HARP2 (2022-Present)

A one-to-one scale model of the NASA PACE satellite next to HARP2 PI and ESI Director Vanderlei Martins.

The NASA PACE satellite in the cleanroom at NASA Goddard Space Flight Center. HARP2 can be seen at the top of PACE.

A closeup of HARP2 bolted to the -Y plate of the NASA PACE spacecraft. The front lens is covered by a lens cap that reads “remove before flight”. The black butterfly cavity is the HARP2 keep-out-zone baffle, which prevents tangential and unwanted stray light into the system. The stairstep configuration of the baffle is to mitigate possible contaminations falling in toward the front lens on-orbit.

HARP2 PI Vanderlei Martins evaluates HARP2 during calibration activities at NASA Goddard Space Flight Center (GSFC).

ESI enginners prepare HARP2 for radiometric calibration at the NASA GSFC GLAMR facility in Building 33. The large objects in the background are integrating spheres. These devices are super-reflectors that are lit by several internal lamps. Their shape, surface area, and white internal paint forces light inside to scatter thousands of times before exiting the front aperture. The resulting beam is spatially uniform and unpolarized. The energy of the output beam is traceable to the National Institute of Standards and Technology (NIST).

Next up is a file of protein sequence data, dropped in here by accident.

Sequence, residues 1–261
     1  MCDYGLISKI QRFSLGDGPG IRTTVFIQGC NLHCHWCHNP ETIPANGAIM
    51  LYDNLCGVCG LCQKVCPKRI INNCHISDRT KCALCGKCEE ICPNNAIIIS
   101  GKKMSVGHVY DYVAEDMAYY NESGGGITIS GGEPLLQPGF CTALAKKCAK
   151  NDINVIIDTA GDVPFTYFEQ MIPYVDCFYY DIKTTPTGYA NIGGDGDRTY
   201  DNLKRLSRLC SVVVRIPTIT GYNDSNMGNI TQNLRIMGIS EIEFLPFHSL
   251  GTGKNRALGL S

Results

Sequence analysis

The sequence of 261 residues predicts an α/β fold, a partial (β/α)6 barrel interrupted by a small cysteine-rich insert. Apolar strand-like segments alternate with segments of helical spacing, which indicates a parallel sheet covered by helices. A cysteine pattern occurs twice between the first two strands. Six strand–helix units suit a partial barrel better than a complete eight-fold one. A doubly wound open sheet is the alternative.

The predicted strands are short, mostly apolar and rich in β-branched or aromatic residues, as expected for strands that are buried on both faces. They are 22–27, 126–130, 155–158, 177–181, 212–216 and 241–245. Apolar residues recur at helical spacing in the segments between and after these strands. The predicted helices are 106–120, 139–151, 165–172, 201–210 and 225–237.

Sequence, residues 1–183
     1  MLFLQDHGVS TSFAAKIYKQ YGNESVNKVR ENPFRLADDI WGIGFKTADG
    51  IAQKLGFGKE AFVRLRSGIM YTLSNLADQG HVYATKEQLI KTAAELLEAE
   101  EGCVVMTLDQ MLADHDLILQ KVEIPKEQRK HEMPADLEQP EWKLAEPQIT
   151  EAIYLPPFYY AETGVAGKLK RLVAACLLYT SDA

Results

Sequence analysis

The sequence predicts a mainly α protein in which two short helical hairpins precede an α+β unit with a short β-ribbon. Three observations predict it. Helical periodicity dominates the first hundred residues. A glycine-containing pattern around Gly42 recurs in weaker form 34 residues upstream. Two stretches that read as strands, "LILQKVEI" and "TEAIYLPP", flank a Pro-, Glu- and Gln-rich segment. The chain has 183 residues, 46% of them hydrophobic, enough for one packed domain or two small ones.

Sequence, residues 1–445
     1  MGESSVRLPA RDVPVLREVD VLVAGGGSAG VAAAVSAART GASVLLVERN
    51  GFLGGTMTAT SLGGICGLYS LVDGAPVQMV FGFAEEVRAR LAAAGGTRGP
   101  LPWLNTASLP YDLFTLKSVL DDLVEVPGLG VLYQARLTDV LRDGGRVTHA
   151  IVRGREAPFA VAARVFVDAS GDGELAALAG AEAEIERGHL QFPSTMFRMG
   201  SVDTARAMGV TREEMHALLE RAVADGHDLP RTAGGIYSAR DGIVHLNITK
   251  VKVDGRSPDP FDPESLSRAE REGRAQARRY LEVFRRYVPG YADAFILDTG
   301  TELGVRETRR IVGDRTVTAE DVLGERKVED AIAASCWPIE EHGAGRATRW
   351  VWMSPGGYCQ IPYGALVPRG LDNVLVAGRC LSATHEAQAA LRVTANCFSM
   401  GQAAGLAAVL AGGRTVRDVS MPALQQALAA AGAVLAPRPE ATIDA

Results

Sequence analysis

Integrating spheres can also be used for spectral calibration, which allows us to verify which colors of light HARP2 accepts and rejects. We developed HARP2 specifically to measure light only in narrow blue, green, red, and shortwave infrared spectral bands (440, 550, 670, and 870 nm).

ESI engineers install the Optical Ground Support Equipment (OGSE) in front of HARP2, after the instrument was bolted onto the PACE spacecraft. The OGSE is an integrating hemisphere with special telescopes for detector alignment, periphery LEDs for flatfielding, and a tilted, rotating polarizer at its aperture for polarization calibration.

ESI engineers Cieslak and Nelson prepare HARP2 for thermal vacuum testing. Over 20 days, HARP2 was soaked in temperatures betwen +- 20 degrees Celsius to see how the day-night orbit environment will impact the instrument and its data. The results from this testing will help ESI scientists correct for and update the HARP2 calibration in space.

HARP2 PI Martins, UMBC Vice President for Research Dr. Karl Steiner, and PACE I&T Manager Dr. Veronica Pinnick discuss the spacecraft orientation of PACE using a simplified model.

NASA GSFC systems engineering and ESI personnel celebrate a successful thermal vacuum (TVAC) campaign.